Cheryl Soon will forever be associated with Rugby Sevens’ inclusion in the Olympic Games, having been part of the International Rugby Board’s bid team presenting in Copenhagen on 9 October 2009, the day the International Olympic Committee Session voted to add the sport to the 2016 and 2020 Games.
The Australian, who only seven months earlier had led her country to the inaugural Women’s Rugby World Cup Sevens title in Dubai, has already seen the benefits that Olympic inclusion has brought to Sevens, both at home and around the world.
“With Sevens inclusion in the 2016 Olympics it has lifted the profile of Women’s Rugby and of Sevens for both females and males,” admitted Soon, who is hoping to make Australia’s team for RWC Sevens 2013 in Moscow after a year out having a baby.
“Everybody now wants to be an Olympian and you can be. That dream can be a reality now if they just participate and if they just get interested, get a ball in their hand.
“Anyone can do it whether you’re a swimmer, whether you’re a rower, whether you play netball – it doesn’t matter what sport you play if you have got the skill, the passion, the desire and the commitment you can definitely be there, be an Olympian and represent your country playing Rugby Sevens.”
That interest from other sportsmen and women has come as no surprise to Soon.
“At first I knew this was going to happen, you just want to put your best team forward and it doesn’t matter what sport they come from, we welcome all athletes to play Sevens because let’s face it, we want to win a gold medal.
“You want your best athletes there regardless of what sport they play, if they want to get involved (in Sevens) that is a great thing.”
Soon is hugely passionate about the sport that has taken her all over the world and seen her captain Australia in both Sevens and Fifteens, and certainly wouldn’t hesitate in pointing sports stars or young girls to the sport of Sevens.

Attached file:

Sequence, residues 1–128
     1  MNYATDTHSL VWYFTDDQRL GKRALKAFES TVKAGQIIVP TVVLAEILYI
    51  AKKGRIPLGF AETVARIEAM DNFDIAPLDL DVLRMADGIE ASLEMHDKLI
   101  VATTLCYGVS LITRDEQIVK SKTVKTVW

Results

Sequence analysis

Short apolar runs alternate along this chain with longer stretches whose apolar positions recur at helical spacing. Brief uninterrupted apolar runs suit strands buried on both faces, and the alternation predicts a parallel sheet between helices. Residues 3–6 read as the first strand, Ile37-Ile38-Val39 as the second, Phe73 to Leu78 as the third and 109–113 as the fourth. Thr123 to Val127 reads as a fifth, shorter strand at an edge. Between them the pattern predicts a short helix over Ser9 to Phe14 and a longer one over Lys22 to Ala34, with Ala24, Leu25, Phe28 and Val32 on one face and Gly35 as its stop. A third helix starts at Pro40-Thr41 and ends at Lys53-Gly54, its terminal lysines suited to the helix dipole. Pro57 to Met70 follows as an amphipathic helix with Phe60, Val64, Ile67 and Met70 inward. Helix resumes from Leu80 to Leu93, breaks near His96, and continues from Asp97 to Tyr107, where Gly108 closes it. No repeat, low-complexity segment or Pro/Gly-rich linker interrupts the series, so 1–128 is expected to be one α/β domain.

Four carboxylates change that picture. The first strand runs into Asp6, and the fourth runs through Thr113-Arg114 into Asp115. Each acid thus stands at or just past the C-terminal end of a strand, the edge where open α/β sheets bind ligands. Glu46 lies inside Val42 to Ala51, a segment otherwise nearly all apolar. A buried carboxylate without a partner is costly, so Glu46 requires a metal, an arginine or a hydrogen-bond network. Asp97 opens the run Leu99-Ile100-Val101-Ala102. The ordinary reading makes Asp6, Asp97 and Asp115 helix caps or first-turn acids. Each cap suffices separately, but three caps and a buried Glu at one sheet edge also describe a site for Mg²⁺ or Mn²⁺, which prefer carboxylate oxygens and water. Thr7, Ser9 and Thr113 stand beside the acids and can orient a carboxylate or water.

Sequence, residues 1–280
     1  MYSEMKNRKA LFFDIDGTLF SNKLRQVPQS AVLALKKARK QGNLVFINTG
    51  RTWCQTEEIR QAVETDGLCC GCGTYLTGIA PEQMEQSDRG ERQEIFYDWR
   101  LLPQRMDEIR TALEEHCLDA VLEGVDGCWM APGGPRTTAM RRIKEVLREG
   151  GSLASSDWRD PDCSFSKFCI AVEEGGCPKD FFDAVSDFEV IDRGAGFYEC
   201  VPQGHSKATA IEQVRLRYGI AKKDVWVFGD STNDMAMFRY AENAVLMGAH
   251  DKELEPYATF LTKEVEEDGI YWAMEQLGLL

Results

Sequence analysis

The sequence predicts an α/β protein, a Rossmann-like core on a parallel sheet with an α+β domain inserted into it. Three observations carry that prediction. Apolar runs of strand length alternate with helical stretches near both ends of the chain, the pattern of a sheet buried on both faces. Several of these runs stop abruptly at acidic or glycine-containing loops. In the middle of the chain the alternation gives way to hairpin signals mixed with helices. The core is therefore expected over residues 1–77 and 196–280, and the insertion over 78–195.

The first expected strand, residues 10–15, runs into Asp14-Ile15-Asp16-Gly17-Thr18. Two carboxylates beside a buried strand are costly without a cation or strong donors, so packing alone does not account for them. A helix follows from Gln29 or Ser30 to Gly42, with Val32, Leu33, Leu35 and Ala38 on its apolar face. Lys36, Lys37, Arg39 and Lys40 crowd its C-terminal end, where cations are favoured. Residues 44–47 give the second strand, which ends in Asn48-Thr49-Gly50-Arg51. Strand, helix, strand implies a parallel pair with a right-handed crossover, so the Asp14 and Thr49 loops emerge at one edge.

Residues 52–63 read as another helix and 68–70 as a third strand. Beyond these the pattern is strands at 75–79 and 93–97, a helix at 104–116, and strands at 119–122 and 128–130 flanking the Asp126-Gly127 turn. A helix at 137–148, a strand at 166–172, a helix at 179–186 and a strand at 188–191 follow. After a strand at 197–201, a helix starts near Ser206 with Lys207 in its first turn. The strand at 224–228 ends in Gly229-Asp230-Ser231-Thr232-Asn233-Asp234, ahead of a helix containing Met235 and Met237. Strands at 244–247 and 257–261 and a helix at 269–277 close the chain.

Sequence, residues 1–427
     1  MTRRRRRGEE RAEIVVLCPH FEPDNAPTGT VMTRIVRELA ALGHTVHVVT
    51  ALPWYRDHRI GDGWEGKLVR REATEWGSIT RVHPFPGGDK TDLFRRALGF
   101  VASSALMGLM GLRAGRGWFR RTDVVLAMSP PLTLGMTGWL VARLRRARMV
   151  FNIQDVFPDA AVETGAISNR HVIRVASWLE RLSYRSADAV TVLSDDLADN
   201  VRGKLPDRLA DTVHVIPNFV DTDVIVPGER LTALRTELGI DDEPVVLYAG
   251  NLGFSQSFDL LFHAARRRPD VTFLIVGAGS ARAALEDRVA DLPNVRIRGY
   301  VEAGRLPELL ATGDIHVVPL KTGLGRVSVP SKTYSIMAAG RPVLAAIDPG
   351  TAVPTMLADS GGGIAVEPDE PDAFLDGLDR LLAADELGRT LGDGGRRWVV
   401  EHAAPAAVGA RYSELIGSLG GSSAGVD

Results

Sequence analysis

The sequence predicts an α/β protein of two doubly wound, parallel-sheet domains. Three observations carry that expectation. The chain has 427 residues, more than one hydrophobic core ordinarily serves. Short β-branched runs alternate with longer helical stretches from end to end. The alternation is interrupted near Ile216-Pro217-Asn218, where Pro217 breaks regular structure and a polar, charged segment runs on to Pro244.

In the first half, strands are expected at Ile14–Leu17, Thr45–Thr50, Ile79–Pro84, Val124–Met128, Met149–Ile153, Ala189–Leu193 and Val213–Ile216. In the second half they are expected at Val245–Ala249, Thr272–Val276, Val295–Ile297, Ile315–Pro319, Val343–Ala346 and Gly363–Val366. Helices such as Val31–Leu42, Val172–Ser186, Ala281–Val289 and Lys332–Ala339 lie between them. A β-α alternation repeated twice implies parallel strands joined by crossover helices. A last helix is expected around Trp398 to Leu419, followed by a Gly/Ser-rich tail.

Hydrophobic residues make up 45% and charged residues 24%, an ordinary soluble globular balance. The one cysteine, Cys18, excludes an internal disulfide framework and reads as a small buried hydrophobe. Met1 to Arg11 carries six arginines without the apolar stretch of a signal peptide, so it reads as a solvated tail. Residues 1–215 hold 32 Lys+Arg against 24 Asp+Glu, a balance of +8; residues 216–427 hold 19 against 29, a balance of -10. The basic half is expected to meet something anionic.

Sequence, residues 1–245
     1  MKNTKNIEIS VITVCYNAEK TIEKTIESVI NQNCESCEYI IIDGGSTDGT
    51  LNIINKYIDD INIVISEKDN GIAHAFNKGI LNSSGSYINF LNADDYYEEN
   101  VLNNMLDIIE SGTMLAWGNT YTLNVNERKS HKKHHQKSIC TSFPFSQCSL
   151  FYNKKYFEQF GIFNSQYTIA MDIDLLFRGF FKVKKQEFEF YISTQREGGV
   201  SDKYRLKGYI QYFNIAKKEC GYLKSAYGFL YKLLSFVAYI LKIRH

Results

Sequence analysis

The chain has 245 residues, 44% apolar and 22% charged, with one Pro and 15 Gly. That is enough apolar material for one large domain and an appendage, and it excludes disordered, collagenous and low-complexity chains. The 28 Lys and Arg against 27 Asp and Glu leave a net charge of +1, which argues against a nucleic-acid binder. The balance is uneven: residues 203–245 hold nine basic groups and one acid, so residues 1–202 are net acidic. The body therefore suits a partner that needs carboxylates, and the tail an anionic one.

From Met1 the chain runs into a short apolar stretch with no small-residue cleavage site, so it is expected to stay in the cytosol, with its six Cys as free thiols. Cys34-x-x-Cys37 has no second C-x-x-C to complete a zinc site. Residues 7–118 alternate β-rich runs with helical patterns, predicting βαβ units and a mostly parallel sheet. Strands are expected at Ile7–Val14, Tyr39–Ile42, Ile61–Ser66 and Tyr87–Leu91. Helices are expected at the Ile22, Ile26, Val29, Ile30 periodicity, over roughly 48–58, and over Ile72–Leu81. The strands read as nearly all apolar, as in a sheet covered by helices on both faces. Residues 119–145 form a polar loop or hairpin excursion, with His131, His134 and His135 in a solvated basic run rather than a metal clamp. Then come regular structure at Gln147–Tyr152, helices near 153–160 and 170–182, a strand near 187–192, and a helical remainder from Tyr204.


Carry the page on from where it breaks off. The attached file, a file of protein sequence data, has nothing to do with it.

“Rugby Sevens is definitely a fun, fun sport. I would definitely be steering them in that direction. If you have got the commitment, and you obviously have if you are playing other sports, you know what it takes.
Go for gold
“If you want to get involved, get involved because it is such a great sport. You get to travel the world, you meet lifelong friends through this game. It is just so much fun on and off the field and it is such a great sport to learn.
“I think it is very easy to learn the skills, you just have to fast track with the rules and things like that and the physical side of it, but at the end of the day it is such a great game to play and I highly recommend getting involved.
“You don’t know until you give it a go. You have just got to think, ‘do you want to be playing in the Olympics?’ Well then this is for you, this is definitely an opportunity for kids, males and females, to get involved and maybe bring home a medal.”
Age is not on Soon’s side to play in the Olympics, but the scrum half hasn’t ruled it out. For now, though, her focus is on returning to the Australian jersey for the chance to experience more success on the RWC Sevens stage.
“I am focusing on the World Cup, just baby steps at the moment even though that is a big step for me. I’m just focusing on that and will see how I go. I am definitely committed and dedicated and I feel if you can give birth and go through all of that you can do anything!”
Player Quotes of Support
“More than anything, Sevens embodies the Olympic ideals of camaraderie, fair play and respect on and off the field of play.” – Shane Williams, Wales
“You play sport at the highest level to challenge yourself to be the best that you can possibly be and to compete with the best from all over the world, and what better stage to do that on than at the Olympics?” – Sue Day, England
“Going to the Commonwealth Games was amazing and to have the chance to go to the Olympics would be right up there with anything you could possibly dream of doing in sport.” – Tamati Ellison, New Zealand
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